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The background for anyone reading this for the first time:

  1. This blog series follows 9 small investors with different risk (and personality) profiles (for their profiles read this post, and your can find their investment strategies here).
  2. I’m a fan of equities (because I believe in productive assets) and of passively-managed exchange-traded index-tracker funds (because I mostly don’t believe in investor management fees) – so this is also really an experiment to see how the Satrix SWIX Top 40 (an equity ETF) bears out against the other options available for small investors.

This is normally the part where I wear nine different hats and give my thoughts on the week as each type of investor. However, I feel like all nine would be fully occupied watching the election results come out live, getting very frustrated by news24’s website, and generally shaking their heads at Agang, which is being outperformed by many political parties that I’ve not heard of.

So instead, I’m going to start by saying that it’s the start of a new month for my investors, so The Recent Finance Graduate and The Scrooge just got hit with more fees (how awkward). And isn’t it incredible how badly the direct share investment side of things is going? It’s eclipsed only by a bad art/valuable/antiques buy.

And then, I’m going to start introducing some indicators into all of this (there’s been a long standing request to include some key variables into my posts, so I’m going to start).

Before I get there, here’s a (very broad) summary of some economic ideas:

  • From a Keynesian perspective, you might say that an economy is all about consumption. You have people buying stuff (demand), which is then met by supply from either within the economy or from trade, and the price is a negotiation between demand and supply.
  • From a Marxist perspective, an economy is built on production, which is all about the proletariat as a labour force. And it is the productivity of labour that drives prices (because price is a function of how much labour went into the product to make it in the first place).
  • From an Austrian perspective, you could say that an economy is built on transactions, and the way that those transactions are financed and/or influenced by regulation. Prices are a function of the market and the money supply, as influenced by the Reserve Bank.

In general, I think that the economy is a combination of almost everything:

  1. Consumption is a driving force – without it, there is no need for production. But there is also a base rate of consumption, because people must survive. And survival is predicated on consumption.
  2. Prices are, in part, driven by production. It makes no sense in the long term to produce items at a cost that is higher than the selling price. Practically speaking, there is a relationship between cost and the market price – that is how businessmen do business.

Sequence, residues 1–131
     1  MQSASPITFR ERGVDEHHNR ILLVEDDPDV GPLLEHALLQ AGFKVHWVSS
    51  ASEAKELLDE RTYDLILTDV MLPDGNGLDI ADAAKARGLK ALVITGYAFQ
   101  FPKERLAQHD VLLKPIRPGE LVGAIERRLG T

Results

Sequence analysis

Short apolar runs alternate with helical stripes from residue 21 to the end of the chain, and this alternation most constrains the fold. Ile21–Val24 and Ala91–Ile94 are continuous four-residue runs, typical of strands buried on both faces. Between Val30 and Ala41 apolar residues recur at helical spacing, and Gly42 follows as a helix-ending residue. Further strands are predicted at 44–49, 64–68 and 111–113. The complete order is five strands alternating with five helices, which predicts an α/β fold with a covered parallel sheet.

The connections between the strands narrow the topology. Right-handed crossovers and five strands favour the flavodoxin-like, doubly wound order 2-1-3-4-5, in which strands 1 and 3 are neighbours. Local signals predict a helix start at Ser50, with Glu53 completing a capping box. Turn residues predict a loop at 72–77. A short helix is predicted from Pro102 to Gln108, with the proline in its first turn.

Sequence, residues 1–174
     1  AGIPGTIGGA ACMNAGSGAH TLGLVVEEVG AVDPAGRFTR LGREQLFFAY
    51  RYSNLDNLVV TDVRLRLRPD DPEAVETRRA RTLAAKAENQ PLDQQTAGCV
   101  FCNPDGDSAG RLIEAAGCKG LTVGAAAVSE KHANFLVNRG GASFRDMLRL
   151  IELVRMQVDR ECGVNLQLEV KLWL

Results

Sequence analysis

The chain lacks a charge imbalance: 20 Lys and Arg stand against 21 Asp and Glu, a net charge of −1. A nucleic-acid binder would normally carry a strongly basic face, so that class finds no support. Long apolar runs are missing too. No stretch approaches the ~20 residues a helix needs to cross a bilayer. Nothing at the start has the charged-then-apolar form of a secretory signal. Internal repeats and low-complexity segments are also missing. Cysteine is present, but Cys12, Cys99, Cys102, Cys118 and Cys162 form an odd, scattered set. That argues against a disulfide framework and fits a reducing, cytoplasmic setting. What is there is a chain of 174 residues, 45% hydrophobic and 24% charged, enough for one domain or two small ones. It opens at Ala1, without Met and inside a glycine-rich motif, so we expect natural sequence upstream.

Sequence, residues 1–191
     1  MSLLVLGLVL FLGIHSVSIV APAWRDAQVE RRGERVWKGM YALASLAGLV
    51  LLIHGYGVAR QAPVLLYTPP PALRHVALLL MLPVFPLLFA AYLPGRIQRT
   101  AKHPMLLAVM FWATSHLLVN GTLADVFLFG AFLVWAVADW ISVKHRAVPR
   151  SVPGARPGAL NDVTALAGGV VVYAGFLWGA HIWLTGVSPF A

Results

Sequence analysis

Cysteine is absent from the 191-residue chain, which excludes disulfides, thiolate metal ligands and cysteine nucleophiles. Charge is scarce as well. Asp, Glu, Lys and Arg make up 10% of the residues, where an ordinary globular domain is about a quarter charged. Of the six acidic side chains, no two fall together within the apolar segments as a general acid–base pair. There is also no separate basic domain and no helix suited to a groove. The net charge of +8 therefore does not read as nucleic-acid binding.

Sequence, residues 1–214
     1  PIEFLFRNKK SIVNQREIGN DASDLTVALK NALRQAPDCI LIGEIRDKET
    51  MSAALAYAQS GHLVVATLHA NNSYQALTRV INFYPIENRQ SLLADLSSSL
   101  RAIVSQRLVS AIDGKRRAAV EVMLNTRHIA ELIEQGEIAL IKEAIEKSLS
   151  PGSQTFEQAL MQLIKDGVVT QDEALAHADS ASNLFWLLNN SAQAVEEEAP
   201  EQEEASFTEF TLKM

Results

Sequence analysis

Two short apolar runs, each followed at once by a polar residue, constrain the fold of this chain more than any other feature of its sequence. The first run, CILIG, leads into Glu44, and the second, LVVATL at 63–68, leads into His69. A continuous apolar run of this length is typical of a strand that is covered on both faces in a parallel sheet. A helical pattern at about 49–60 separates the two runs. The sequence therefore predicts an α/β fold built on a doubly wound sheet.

3. Credit and money supply affect the ability to consume and the ability to produce. Businesses expand production on credit. Consumers spend on credit. In many ways, the flow of money is its own force.

Then over and above that, you have some economic agents that influence the way the smaller economic agents act. The primary example is the government: when the government spends money, it does so in such scale that it has a multiplier effect on the way that the rest of the economy functions. Almost anything a government does has impact on the rest of the economy.

What all of this means: when you are looking at an economy, you have a number of paints that combine to give you the full picture. Your mind’s eye then has to compile and interpret – always acknowledging that, just like normal vision, you can’t see through solid objects and around corners. You can also be colourblind, short-sighted, long-sighted and astigmatic. And/or just plain blind.

Here’s the list of the daily indicators for those key forces I mentioned above:

  1. The Exchange Rate (because that says something about trade and future consumption)
  2. The Gold Price (because that will impact production in the gold-mining industry – which is well-important in SA)
  3. The Platinum Price (because that impacts production in the platinum-mining industry – almost just as important)
  4. The Oil Price (because that impacts production and consumption across the board)
  5. The yield on 10 Year Government Bonds (which tells you how people feel, in general, about inflation – the higher the yield, the higher the expected inflation).
  6. The All Share Index (because that gives an indication of how everyone else is interpreting the above indicators).

Then there are the big monthly/quarterly/annual indicators:

  1. The interest rate set by the Central Bank (because this drives credit expansion/contraction in the next period)
  2. Jobs data (unemployment rates, participation rates, etc – because that tells you something about production and future consumption)
  3. The balance of trade (trade surpluses and deficits tell you something about how we’re competing on the global stage)
  4. The CPI index (an estimate of consumer inflation)
  5. The PPI index (an estimate of producer inflation – that is, what is inflation for companies, factories, etc)
  6. The M2 Money supply (we’re back to the question of how much credit is flowing around out there)
  7. Government spending (what they’re spending influences the rest of us)
  8. The PMI index (what’s happening with production).
  9. And GDP, obvs.

As this series of posts continue, the plan is for each of those indicators to get some attention, and an explanation of how they tie in to the lives of the small investors.

Until next week.